Another early rise and river cruise on the fifth day as we head down the Katherine Gorge (Nitmiluk) spotting some crocs, hearing incredible stories about the area both culturally and about how high the water rises in the wet season as well as staring at the massive, impressive and well preserved cave paintings on the walls of the canyon. We then load back up on the bus and head through to the beautiful Mataranka Hot Springs where we all get a chance to unwind and float around in the naturally heated water while surrounded by hundreds of palm trees. Later that night we pull into the Daly Waters pub for our accommodation and dinner. A night filled with live music, table tennis, great meals and a bit of a dance was what we got and was thoroughly enjoyed by all.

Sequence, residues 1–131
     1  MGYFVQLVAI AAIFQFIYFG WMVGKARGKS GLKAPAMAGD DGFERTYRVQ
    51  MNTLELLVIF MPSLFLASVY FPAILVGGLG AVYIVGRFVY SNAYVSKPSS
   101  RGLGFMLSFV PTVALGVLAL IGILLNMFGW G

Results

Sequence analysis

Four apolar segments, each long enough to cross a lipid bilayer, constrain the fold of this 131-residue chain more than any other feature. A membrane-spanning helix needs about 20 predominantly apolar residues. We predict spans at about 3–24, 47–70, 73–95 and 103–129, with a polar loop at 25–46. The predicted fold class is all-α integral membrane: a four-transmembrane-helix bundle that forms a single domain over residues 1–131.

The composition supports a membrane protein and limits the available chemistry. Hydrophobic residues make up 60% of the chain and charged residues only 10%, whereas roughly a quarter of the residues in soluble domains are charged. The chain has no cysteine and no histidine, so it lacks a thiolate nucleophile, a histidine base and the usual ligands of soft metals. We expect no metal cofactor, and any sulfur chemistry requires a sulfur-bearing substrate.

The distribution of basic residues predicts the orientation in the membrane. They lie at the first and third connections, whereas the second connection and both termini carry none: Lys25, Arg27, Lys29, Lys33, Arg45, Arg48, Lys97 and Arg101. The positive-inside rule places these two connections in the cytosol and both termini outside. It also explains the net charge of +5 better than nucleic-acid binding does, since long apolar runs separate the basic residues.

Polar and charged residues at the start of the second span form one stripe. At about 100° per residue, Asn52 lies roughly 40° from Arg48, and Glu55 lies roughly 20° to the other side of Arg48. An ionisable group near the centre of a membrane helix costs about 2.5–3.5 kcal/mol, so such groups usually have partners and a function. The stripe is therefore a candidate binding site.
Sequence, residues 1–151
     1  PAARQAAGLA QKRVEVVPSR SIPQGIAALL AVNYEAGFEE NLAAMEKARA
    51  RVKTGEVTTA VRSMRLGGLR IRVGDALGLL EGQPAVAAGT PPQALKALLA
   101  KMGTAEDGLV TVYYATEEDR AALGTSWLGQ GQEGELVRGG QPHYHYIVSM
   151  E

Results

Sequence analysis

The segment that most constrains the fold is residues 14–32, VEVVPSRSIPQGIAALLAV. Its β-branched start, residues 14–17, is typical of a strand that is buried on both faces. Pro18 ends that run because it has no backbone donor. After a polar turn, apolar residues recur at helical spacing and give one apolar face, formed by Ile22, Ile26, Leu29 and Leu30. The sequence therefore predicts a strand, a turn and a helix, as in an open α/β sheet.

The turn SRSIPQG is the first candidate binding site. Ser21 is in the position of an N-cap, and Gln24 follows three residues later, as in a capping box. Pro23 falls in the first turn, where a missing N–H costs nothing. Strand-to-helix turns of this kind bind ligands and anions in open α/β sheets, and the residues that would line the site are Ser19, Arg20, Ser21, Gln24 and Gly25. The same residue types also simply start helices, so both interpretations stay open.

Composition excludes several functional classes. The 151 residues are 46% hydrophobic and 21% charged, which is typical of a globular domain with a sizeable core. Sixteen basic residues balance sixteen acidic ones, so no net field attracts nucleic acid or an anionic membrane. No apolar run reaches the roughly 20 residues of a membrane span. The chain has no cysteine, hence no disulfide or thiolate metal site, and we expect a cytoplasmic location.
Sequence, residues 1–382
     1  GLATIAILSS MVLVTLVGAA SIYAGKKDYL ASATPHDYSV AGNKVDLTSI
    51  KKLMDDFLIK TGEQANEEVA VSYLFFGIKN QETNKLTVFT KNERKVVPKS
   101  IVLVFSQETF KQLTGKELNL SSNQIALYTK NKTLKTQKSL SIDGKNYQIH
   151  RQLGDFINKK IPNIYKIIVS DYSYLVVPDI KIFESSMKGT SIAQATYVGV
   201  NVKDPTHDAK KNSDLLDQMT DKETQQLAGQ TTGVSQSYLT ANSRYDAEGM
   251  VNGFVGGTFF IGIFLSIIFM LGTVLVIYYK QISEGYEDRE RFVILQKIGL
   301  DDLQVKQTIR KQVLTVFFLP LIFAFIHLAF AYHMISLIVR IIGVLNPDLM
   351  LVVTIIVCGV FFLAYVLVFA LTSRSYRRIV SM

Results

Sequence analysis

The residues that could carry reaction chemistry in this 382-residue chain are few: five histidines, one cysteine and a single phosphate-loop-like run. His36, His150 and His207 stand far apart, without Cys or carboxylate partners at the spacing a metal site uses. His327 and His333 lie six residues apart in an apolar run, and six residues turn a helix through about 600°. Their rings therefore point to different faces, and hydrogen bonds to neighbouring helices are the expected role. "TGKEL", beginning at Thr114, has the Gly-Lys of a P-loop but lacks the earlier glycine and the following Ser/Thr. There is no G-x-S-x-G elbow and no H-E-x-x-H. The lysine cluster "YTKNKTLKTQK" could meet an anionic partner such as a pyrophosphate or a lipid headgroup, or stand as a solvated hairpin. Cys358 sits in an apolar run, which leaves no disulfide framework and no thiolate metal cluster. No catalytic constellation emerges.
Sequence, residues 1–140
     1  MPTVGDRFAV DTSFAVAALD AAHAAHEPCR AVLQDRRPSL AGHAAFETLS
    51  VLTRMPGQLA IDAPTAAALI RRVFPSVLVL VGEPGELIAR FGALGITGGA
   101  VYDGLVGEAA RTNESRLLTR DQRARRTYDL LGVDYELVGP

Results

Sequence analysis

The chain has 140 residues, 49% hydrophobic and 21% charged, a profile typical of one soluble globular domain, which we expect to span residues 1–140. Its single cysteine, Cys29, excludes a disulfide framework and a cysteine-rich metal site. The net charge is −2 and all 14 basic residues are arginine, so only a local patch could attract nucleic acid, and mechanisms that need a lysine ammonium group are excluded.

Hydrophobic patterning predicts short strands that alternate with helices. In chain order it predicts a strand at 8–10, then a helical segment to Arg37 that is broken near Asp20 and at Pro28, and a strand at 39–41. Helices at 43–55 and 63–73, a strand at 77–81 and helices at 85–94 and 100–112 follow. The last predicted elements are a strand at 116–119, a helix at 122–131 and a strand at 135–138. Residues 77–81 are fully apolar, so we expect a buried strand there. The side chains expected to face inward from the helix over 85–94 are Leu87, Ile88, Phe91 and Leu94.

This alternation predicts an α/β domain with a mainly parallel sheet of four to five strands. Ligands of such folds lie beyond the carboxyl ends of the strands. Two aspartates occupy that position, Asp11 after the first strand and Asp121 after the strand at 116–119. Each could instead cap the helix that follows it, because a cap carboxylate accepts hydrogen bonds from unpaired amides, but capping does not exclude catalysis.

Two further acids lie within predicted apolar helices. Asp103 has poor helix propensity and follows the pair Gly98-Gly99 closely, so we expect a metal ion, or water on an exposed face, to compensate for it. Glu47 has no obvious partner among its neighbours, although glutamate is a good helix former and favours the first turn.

Up at a slower pace this morning we get a bit more of a sleep in than the last few days, as we jump on the bus for a long drive to Alice Springs, stopping on the way at the Devils marbles, an important and incredible place with massive spheres of rock that seemingly have no earthly place there. The aborigines of the area believing that they are the eggs of the rainbow serpent Wanambi, making it a very important cultural place. From the devils marbles we push on down towards Alice Springs.